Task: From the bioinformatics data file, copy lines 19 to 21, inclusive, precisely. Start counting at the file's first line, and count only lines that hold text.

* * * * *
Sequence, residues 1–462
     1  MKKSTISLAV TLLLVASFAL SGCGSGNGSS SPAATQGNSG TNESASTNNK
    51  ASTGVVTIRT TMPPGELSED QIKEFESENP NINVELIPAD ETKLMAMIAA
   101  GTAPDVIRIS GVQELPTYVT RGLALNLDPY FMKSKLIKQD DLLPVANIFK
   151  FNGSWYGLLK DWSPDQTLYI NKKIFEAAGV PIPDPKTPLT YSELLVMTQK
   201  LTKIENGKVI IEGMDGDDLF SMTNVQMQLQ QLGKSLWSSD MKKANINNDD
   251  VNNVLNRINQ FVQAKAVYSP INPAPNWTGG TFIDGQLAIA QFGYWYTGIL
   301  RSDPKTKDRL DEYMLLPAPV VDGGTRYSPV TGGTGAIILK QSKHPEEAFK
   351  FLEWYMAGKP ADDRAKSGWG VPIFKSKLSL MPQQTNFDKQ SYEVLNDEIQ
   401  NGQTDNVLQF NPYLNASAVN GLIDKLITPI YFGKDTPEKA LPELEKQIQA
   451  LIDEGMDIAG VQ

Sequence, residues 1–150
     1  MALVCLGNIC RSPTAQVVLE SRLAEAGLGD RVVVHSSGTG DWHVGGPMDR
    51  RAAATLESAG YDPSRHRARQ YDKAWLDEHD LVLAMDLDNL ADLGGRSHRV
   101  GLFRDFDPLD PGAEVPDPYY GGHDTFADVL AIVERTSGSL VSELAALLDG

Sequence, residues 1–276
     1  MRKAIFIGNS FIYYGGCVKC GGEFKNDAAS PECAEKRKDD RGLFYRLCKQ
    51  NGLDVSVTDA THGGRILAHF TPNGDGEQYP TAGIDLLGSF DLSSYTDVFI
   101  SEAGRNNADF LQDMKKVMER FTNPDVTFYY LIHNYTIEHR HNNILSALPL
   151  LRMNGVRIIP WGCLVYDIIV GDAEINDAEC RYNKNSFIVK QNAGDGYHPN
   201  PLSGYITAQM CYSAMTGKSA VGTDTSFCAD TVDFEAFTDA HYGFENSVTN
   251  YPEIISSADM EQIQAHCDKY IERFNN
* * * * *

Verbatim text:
   101  SEAGRNNADF LQDMKKVMER FTNPDVTFYY LIHNYTIEHR HNNILSALPL
   151  LRMNGVRIIP WGCLVYDIIV GDAEINDAEC RYNKNSFIVK QNAGDGYHPN
   201  PLSGYITAQM CYSAMTGKSA VGTDTSFCAD TVDFEAFTDA HYGFENSVTN